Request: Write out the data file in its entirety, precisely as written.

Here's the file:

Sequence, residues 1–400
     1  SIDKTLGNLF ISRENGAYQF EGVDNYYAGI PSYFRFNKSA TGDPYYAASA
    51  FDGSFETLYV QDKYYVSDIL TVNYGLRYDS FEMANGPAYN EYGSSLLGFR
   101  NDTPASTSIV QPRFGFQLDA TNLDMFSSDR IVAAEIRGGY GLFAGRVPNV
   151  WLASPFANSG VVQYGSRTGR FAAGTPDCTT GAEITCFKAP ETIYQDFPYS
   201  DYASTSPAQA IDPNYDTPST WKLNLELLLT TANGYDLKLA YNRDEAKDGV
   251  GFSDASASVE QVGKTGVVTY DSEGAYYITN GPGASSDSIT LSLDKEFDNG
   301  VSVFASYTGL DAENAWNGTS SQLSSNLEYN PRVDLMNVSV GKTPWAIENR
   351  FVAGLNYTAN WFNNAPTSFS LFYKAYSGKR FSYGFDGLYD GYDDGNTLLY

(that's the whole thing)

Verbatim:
Sequence, residues 1–400
     1  SIDKTLGNLF ISRENGAYQF EGVDNYYAGI PSYFRFNKSA TGDPYYAASA
    51  FDGSFETLYV QDKYYVSDIL TVNYGLRYDS FEMANGPAYN EYGSSLLGFR
   101  NDTPASTSIV QPRFGFQLDA TNLDMFSSDR IVAAEIRGGY GLFAGRVPNV
   151  WLASPFANSG VVQYGSRTGR FAAGTPDCTT GAEITCFKAP ETIYQDFPYS
   201  DYASTSPAQA IDPNYDTPST WKLNLELLLT TANGYDLKLA YNRDEAKDGV
   251  GFSDASASVE QVGKTGVVTY DSEGAYYITN GPGASSDSIT LSLDKEFDNG
   301  VSVFASYTGL DAENAWNGTS SQLSSNLEYN PRVDLMNVSV GKTPWAIENR
   351  FVAGLNYTAN WFNNAPTSFS LFYKAYSGKR FSYGFDGLYD GYDDGNTLLY